Visualising Textual Patterns: Mosaic as intersemiotic translation
An entry by Henry Jones for the Translating Cultures Exhibition
Mosaic is a text visualisation tool currently being developed as part of the Genealogies of Knowledge project (www.genealogiesofknowledge.net/about). Built as a plugin within a suite of free online corpus analysis software, it constitutes a novel attempt to develop the computer-aided visual encoding of concordances beyond the keyword-in-context (KWIC) indexing technique first developed in the 1950s (Luz & Sheehan 2014). While KWIC relies mainly on relative position to show connections between the keyword and its ordered left and right contexts (see Figure 1), Mosaic presents a multisemiotic graphical display (see Figure 2). It ‘translates’ patterns found in a concordance by means of the size and position of a patchwork of coloured word-tiles.
The plugin generates four different visualisations, each of which delivers a different perspective on the patterning of the chosen keyword in the corpus selected for analysis, but for concision we will focus here on the Collocation Strength (Local) view only. As can be seen in Figure 2, the keyword (in this case assembly) is highlighted both through its darker (brown) colour and its placement in the central column; lexical items that occur in each position to the left and right of this term in the corpus are then each allocated a differently shaded rectangle in the columns immediately adjacent to this keyword. The bigger the word-tile, the more significant the collocational relationship, as computed by the algorithm. In this particular Mosaic, that visualises patterns contained within Benjamin Jowett’s (1881) translation of Thucydides’ History of the Peloponnesian War, the verbs summon and summoned are picked out as especially significant collocates of assembly, two word-positions to the left of this search term.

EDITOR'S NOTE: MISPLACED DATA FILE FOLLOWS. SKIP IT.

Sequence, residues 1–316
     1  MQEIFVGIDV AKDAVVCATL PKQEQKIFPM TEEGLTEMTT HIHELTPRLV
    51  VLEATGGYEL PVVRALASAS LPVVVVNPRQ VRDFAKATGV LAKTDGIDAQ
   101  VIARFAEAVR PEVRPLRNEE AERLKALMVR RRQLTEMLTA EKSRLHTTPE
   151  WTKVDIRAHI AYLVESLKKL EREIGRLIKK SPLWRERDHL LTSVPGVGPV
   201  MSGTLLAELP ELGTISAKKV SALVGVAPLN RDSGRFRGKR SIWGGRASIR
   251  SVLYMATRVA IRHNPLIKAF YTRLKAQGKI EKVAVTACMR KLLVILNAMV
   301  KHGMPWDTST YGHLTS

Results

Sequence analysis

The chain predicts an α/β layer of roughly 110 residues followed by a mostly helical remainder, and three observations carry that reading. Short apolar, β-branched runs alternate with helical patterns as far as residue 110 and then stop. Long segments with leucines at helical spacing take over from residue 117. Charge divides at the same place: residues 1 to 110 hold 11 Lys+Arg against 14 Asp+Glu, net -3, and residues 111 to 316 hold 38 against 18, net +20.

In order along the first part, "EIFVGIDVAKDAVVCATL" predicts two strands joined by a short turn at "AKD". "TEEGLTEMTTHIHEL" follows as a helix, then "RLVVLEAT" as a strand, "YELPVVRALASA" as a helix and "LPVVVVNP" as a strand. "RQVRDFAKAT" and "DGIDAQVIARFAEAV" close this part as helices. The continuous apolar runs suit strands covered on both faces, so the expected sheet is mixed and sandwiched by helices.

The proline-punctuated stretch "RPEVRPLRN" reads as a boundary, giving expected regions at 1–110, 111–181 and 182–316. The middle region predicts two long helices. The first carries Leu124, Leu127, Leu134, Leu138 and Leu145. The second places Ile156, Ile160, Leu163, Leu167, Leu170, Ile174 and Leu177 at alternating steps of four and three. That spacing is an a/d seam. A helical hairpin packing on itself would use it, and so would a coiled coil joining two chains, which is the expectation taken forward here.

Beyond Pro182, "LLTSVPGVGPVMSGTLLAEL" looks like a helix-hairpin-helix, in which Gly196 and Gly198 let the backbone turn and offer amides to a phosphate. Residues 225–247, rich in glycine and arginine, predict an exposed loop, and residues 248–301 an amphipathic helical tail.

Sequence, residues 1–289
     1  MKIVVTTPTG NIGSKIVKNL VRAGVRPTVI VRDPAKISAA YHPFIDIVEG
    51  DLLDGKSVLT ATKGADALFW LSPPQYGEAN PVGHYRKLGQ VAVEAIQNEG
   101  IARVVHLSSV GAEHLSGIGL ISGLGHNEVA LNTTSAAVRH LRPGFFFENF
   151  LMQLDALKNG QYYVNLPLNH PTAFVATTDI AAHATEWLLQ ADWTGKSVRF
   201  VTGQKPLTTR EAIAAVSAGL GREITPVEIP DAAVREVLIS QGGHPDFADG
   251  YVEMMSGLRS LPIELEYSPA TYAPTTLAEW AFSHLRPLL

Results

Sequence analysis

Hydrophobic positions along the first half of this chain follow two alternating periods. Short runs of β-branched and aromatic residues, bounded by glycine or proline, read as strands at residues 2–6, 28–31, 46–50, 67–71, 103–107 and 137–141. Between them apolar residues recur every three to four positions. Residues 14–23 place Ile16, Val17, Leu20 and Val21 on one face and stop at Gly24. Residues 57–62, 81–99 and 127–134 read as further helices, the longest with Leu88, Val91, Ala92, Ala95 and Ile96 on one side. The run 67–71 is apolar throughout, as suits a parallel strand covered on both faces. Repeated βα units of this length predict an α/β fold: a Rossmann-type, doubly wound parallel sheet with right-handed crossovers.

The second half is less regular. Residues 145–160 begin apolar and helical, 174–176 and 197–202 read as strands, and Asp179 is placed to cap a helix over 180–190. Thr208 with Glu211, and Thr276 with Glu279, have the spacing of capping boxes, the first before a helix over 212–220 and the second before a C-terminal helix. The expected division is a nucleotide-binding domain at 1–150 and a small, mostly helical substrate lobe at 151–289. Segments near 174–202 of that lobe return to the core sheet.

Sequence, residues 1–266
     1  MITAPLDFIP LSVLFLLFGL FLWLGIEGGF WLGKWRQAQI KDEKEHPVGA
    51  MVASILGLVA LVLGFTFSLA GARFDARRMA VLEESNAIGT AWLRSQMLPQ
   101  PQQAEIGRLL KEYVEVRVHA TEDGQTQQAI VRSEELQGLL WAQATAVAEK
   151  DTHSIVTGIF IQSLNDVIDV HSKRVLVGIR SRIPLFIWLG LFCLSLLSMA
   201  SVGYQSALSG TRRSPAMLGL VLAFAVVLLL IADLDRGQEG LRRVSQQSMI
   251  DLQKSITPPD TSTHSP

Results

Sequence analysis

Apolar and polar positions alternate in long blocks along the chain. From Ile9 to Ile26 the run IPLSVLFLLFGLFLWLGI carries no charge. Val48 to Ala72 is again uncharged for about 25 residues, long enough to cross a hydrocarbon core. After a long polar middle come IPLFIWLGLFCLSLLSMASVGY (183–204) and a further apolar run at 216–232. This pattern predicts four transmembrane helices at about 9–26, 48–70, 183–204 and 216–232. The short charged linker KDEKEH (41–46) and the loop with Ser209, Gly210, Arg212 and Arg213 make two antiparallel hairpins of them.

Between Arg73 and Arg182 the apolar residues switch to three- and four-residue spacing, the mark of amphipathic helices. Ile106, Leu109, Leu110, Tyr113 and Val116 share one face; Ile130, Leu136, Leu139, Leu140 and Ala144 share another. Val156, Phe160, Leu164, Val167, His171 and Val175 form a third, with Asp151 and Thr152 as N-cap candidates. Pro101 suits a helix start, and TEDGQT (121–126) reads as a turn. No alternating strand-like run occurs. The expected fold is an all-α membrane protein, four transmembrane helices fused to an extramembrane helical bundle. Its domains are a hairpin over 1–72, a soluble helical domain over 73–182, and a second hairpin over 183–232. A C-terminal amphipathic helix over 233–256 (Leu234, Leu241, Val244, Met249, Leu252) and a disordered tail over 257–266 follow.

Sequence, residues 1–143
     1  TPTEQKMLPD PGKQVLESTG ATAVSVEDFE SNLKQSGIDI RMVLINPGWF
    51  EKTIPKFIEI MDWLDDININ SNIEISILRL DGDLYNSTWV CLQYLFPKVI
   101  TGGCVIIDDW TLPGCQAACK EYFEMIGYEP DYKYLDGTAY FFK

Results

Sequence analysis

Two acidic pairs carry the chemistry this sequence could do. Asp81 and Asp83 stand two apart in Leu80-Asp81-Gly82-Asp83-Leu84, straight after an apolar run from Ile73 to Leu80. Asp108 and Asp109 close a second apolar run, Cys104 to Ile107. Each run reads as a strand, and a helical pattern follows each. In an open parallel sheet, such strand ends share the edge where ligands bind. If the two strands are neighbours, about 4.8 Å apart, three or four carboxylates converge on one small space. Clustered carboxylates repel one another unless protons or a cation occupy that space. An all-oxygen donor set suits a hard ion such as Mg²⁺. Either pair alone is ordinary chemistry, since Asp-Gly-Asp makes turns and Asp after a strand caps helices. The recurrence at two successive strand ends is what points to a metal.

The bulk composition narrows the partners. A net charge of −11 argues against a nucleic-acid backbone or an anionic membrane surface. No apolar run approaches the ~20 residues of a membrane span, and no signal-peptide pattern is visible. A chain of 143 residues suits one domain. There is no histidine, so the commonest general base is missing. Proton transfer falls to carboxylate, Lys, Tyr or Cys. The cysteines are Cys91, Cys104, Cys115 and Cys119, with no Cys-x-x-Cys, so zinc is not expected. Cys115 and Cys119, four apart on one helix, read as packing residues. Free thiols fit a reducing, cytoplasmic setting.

Collocational significance, or ‘strength’, is calculated using one of a selection of common statistical measures: when configuring the tool, the user may choose between scaling the tiles according to their MI score, MI3 score, Log-Log score or Z score. All of these statistics compare the positional frequency of a collocate relative to the keyword with this collocate’s absolute frequency in the selected corpus or subcorpus (Luz & Sheehan 2014). This visually enhances words that occur more frequently with the keyword at a specific position than would be expected based on the word’s frequency in the (sub)corpus as a whole. Thus, when studying Jowett’s (1881) translation and the ways in which he re-frames the agency of ordinary citizens in classical Athenian politics in particular, the Mosaic suggests we might productively begin our analysis by examining the extent to which this translator shows especial preference for the verbs summon, summoned and called in connection with the keyword. This pattern could be read as implying the existence of a higher political authority above and beyond popular democratic structures, unlike less marked choices such as held (which is shown by the software to be a less significant collocate).
In this way, the Mosaic plugin can often serve as a useful starting-point from which more detailed investigation of translation phenomena might develop. By translating features of a concordance into an alternative visual language combining modes of text, shape, colour and position, the tool helpfully illuminates possible avenues of research otherwise invisible to the naked eye, leading to new understandings of the texts under study. Nevertheless, by abstracting words on the page from their original material context and re-embedding them in a wholly different environment and configuration, Mosaic inevitably obscures just as much as it shows. Although cloaked in mathematical pseudo-objectivity, the nature of its algorithmic mediation is far from transparent, and its programming will inevitably foreground certain features of a concordance over others. In this sense, visualisation and translation pose the same challenge: the translation is not the original, the representation is not the reality. Consequently, such computer-generated visualisations can certainly aid some aspects of scholarship, but they can never fully supplant close reading, qualitative insight and human-led interpretation.
Figure 1: The KWIC concordance generated for the keyword ‘assembly’ in Jowett’s translation (1881) of Thucydides
Figure 2: The Mosaic visualisation generated for the keyword ‘assembly’ in Jowett’s translation (1881) of Thucydides
Luz, Saturnino & Shane Sheehan (2014) ‘A graph based abstraction of textual concordances and two renderings for their interactive visualisation’ in Proceedings of the International Working Conference on Advanced Visual Interfaces, AVI ’14, New York: ACM, 293-296.